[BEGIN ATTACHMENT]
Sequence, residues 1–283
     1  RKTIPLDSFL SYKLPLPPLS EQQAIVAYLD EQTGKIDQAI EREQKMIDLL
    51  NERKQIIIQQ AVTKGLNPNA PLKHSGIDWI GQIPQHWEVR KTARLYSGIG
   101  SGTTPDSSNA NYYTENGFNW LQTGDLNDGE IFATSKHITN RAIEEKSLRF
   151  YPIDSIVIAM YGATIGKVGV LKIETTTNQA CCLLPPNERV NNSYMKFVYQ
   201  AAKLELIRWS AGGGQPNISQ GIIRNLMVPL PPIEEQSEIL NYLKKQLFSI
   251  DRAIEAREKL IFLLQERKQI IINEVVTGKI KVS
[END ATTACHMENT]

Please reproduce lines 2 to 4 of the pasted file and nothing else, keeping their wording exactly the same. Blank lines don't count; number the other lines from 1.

     1  RKTIPLDSFL SYKLPLPPLS EQQAIVAYLD EQTGKIDQAI EREQKMIDLL
    51  NERKQIIIQQ AVTKGLNPNA PLKHSGIDWI GQIPQHWEVR KTARLYSGIG
   101  SGTTPDSSNA NYYTENGFNW LQTGDLNDGE IFATSKHITN RAIEEKSLRF